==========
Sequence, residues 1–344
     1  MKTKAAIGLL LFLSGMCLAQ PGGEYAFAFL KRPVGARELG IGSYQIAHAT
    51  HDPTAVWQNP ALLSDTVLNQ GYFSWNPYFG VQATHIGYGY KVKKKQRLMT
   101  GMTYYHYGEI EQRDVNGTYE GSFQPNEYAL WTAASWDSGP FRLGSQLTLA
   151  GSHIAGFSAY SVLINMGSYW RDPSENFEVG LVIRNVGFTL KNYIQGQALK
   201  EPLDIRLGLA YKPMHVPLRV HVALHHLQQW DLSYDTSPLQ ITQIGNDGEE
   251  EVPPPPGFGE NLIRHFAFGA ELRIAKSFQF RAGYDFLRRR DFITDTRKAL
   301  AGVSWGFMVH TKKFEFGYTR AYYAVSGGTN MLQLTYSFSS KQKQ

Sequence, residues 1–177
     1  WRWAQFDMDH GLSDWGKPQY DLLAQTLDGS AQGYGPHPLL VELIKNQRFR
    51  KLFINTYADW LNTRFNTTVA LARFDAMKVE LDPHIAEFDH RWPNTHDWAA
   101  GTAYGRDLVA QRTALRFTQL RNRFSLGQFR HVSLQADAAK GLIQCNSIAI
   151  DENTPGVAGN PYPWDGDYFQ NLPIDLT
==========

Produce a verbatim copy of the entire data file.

Sequence, residues 1–344
     1  MKTKAAIGLL LFLSGMCLAQ PGGEYAFAFL KRPVGARELG IGSYQIAHAT
    51  HDPTAVWQNP ALLSDTVLNQ GYFSWNPYFG VQATHIGYGY KVKKKQRLMT
   101  GMTYYHYGEI EQRDVNGTYE GSFQPNEYAL WTAASWDSGP FRLGSQLTLA
   151  GSHIAGFSAY SVLINMGSYW RDPSENFEVG LVIRNVGFTL KNYIQGQALK
   201  EPLDIRLGLA YKPMHVPLRV HVALHHLQQW DLSYDTSPLQ ITQIGNDGEE
   251  EVPPPPGFGE NLIRHFAFGA ELRIAKSFQF RAGYDFLRRR DFITDTRKAL
   301  AGVSWGFMVH TKKFEFGYTR AYYAVSGGTN MLQLTYSFSS KQKQ

Sequence, residues 1–177
     1  WRWAQFDMDH GLSDWGKPQY DLLAQTLDGS AQGYGPHPLL VELIKNQRFR
    51  KLFINTYADW LNTRFNTTVA LARFDAMKVE LDPHIAEFDH RWPNTHDWAA
   101  GTAYGRDLVA QRTALRFTQL RNRFSLGQFR HVSLQADAAK GLIQCNSIAI
   151  DENTPGVAGN PYPWDGDYFQ NLPIDLT